Americans tend to think about transportation in competitive terms: freeways versus subways, cars versus buses, rails versus airports. The debate on economic stimulus spending has certainly been argued along these lines. While state representatives and industrial groups advocate for “shovel-ready” projects such as new roads, bridges and tunnels, city planners and environmentalists tend to support investments in mass transit and rail. This divide — each mode of transportation with its own advocates, all fighting for funding — is not inevitable. As the Obama administration and the American people prepare to embark on a new wave of major public works initiatives, it’s more pressing than ever that we take advantage of this chance to fix a fragmented system.
Our messy transportation infrastructure is the result of a century of public policy, built right into the structure of transportation agencies at every level. When the government agencies overseeing mass transit and the agency building highways are separate and uncoordinated, they compete for money, and the public loses. It becomes less about getting there quickly and easily, and more about which interest group wins. The common belief that it’s “unfair” for drivers to help pay for mass transit — even when it reduces traffic congestion — reflects the way we manage transportation.
In a few cases, transportation policy has taken a different path, and the pragmatic need for mobility and access — getting around easily at a low cost — has led to an effective bridging of different types of transportation. It’s no coincidence that where this happened, we have the most extensive mass transportation systems in the United States today: metropolitan New York and the San Francisco Bay Area.
Since the 1950s, tolls from the San Francisco-Oakland Bay Bridge have supported the region’s rapid transit system, including paying for a three-mile underwater tube for commuter trains. In 1969, revenue from the Golden Gate Bridge was dedicated to supporting buses and ferries. And as congestion worsened, voters began to understand the compelling relationship between traffic relief on local bridges and commuter rail service in the same corridor. Twice — in 1988 and in 2004 — Bay Area voters approved measures to extend bridge toll subsidies for mass transit. Today, a congestion-pricing scheme for San Francisco is winning public support because of its potential to strengthen mass transportation.
New York City, another success story, also underwent major changes in transportation policy in the 1960s. Leaders of two car-centric powerhouses in the area, the Triborough Bridge and Tunnel Authority (TBTA) and the Port Authority of New York and New Jersey, struck deals that included long-term commitments to supporting mass transportation with tolls. Governor Nelson Rockefeller won concessions on behalf of subways and commuter rail that helped New York become a financial and cultural center. For example, revenue from the Holland Tunnel supported the PATH system, which helped thousands of people commute to the World Trade Center. And tolls from the TBTA bridges revived the city’s subways in the 1980s.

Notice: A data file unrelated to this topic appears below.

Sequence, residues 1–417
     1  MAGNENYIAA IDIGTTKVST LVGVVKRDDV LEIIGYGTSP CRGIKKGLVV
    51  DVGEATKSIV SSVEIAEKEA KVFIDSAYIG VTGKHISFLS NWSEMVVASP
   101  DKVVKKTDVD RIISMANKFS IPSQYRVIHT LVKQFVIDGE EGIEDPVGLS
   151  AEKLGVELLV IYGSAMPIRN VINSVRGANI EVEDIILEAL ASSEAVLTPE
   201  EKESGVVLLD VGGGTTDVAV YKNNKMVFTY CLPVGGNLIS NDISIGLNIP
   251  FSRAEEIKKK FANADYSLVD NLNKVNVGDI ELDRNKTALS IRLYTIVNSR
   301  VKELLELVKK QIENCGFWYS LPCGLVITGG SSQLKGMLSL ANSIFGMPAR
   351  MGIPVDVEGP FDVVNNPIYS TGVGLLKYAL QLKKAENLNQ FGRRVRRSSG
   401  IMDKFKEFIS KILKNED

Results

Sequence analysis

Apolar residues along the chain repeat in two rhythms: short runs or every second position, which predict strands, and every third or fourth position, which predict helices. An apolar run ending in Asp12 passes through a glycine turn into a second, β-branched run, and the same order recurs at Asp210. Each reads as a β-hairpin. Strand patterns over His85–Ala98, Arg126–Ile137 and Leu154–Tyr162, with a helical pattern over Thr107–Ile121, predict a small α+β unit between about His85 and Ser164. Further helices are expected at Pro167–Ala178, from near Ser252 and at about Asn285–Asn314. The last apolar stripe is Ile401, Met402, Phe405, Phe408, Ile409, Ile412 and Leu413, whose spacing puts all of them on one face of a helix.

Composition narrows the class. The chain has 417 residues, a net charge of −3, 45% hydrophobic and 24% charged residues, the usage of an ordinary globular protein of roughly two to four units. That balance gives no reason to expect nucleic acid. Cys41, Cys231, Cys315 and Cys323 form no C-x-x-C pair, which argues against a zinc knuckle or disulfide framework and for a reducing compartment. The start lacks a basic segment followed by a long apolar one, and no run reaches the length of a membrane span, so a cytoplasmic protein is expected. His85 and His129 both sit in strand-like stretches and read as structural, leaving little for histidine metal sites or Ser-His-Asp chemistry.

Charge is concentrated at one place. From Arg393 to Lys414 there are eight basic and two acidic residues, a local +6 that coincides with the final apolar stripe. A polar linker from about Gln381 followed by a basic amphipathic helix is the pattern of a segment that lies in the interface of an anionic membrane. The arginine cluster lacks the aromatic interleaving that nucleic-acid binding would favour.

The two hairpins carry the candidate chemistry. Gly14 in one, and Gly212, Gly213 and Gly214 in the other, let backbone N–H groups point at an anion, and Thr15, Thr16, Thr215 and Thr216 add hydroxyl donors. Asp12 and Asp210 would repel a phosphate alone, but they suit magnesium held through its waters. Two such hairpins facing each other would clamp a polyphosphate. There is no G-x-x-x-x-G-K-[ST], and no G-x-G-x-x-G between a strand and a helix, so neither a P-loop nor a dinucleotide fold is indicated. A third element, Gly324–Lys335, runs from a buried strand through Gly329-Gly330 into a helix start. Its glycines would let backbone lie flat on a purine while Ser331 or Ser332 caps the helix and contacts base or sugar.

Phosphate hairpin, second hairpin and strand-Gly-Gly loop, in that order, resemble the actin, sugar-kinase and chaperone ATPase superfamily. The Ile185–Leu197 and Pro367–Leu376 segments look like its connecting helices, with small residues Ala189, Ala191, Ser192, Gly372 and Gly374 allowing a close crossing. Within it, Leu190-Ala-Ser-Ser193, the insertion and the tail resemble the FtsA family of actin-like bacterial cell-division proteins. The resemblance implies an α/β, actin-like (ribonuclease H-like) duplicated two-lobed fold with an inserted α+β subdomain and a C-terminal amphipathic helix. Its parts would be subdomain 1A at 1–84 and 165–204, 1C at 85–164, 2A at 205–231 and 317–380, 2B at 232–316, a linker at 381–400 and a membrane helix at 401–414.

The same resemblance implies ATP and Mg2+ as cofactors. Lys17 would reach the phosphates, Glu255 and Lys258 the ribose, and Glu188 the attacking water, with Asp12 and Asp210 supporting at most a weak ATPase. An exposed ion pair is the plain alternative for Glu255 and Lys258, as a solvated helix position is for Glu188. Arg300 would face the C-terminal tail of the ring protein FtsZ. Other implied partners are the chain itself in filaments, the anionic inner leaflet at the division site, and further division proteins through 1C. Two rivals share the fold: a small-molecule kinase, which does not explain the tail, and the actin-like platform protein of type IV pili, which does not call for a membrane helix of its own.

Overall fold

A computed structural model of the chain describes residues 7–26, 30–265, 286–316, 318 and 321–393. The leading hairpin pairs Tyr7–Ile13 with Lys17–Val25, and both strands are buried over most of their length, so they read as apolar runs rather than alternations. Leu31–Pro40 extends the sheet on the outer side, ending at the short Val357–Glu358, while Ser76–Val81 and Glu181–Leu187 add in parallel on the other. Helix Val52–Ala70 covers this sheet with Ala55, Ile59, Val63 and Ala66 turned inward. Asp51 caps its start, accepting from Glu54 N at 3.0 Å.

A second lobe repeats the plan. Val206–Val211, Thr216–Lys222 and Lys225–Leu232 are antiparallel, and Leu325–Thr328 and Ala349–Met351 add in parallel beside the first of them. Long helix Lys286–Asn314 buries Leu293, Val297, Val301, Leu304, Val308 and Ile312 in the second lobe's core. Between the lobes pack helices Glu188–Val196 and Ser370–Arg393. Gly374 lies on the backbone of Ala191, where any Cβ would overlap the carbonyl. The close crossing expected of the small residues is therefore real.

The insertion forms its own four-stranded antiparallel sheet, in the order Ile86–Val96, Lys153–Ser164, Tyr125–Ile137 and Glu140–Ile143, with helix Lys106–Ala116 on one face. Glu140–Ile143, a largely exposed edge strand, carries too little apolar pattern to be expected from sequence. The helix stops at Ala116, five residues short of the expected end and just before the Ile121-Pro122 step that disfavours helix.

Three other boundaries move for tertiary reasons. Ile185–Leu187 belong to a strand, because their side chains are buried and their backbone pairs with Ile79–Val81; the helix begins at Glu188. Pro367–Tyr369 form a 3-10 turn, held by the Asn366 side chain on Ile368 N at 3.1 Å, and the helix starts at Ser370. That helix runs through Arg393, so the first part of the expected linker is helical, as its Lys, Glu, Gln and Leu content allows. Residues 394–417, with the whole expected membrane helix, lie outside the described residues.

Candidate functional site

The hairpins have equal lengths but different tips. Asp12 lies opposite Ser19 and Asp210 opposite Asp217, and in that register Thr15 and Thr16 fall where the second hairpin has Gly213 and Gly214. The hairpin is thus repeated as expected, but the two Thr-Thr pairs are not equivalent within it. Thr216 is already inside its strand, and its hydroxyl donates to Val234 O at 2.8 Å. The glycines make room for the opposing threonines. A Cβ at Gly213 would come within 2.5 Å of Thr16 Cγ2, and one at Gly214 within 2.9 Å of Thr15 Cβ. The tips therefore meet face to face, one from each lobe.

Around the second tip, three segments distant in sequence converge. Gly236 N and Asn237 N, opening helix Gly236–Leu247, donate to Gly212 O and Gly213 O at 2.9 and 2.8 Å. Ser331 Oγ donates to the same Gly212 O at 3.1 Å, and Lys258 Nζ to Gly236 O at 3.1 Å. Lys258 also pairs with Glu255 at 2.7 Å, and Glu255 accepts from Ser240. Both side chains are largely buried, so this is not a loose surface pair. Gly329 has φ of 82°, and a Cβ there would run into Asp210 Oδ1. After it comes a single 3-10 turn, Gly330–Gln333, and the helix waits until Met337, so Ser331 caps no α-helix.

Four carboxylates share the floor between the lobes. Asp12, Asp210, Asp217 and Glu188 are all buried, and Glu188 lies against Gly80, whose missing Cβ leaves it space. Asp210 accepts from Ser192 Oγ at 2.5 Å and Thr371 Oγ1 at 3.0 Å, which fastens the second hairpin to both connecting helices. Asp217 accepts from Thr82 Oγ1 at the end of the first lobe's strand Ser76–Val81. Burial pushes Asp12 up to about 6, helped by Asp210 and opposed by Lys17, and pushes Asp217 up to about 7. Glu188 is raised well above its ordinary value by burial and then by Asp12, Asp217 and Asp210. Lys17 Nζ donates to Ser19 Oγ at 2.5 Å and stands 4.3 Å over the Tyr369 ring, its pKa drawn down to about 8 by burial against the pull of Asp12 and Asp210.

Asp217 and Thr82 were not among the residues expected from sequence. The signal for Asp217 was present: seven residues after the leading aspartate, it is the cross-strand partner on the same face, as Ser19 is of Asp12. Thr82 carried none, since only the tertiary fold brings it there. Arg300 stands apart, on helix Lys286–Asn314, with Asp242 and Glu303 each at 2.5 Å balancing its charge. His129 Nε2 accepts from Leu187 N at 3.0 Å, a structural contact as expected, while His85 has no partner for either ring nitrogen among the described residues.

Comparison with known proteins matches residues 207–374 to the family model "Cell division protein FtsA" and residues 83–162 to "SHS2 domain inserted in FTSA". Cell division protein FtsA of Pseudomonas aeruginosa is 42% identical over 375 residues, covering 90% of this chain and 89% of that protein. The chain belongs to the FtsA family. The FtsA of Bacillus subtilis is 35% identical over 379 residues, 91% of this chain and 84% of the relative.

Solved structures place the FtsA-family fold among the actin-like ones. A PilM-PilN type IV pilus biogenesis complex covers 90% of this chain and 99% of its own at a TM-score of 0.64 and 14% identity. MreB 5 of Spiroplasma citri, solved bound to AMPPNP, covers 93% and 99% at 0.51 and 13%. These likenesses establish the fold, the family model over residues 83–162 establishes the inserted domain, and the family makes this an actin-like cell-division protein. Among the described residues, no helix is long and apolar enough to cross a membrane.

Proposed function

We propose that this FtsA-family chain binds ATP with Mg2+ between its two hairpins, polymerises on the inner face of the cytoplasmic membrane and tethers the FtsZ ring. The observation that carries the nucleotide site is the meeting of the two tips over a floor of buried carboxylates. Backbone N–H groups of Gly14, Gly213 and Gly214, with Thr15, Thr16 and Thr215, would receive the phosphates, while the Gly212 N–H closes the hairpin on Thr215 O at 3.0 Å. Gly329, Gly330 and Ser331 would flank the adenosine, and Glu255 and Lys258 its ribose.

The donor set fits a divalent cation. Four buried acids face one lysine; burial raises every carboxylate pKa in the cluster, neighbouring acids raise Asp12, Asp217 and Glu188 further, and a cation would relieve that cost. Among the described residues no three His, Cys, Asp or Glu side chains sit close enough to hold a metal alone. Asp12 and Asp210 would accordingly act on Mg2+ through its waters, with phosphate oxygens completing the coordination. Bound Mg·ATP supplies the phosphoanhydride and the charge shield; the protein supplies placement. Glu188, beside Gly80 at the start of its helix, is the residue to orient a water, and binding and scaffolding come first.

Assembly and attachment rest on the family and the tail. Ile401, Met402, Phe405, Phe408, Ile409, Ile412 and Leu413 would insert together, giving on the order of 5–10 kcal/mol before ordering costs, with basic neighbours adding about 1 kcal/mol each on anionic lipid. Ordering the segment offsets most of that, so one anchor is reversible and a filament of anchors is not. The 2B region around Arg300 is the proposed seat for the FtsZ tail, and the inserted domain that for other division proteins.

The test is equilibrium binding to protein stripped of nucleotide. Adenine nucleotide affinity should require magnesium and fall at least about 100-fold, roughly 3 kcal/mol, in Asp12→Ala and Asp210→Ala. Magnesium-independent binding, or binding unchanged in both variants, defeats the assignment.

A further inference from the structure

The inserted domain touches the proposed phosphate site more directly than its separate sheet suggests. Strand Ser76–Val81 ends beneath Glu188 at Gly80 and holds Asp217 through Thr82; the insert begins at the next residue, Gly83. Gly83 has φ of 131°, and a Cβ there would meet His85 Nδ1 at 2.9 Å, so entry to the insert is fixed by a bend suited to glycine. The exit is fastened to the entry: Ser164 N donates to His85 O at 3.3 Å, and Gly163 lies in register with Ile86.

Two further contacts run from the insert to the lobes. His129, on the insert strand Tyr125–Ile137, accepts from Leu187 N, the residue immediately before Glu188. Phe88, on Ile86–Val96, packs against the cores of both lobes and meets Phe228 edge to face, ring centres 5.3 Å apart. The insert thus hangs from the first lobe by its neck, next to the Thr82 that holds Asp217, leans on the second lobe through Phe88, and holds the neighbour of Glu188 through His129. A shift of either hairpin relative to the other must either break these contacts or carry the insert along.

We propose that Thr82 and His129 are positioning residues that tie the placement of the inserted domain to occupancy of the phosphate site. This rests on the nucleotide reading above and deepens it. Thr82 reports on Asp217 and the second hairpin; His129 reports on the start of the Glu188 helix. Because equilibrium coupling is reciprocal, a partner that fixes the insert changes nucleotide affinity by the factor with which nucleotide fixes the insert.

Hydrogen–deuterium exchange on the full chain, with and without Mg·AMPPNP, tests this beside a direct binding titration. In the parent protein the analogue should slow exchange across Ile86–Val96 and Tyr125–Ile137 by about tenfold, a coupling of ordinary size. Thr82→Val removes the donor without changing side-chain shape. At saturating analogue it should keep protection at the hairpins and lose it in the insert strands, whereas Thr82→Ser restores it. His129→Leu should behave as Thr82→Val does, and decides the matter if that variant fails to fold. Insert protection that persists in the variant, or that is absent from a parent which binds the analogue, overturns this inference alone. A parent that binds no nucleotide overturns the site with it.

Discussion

It’s easy to argue that dense development made transit viable in these cities, but the relationship between land use and transportation is a two-way street. Without toll-funded transit, New York and San Francisco wouldn’t be the vibrant urban places they are today. As Americans become more and more enthusiastic about city life — as shown by strong demand for homes in walkable neighborhoods, even as property values in sprawling suburbs collapse — transportation policy that is unified rather than fragmented becomes even more important.
Right now, there is an opportunity for change. Transit ridership is at a 50-year high in the United States, despite the anemic state of most mass transportation systems. Metropolitan New York and the San Francisco Bay Area can be models for a new approach to the management of transportation — and, more importantly, for its funding. Revenue generated by congestion-pricing programs can help forge new, durable links across different modes of transportation, especially if money is dedicated to transit that improves driving conditions and presents a convenient, affordable alternative.
Let’s change the way we think about getting around, and start building transportation systems that serve the needs of people and places, not interest groups or bureaucracies.
Louise Nelson Dyble is associate director for Research at the Keston Institute for Public Finance and Infrastructure Policy at USC. She is the author of Paying the Toll: Local Power, Regional Politics, and the Golden Gate Bridge (University of Pennsylvania Press, 2009).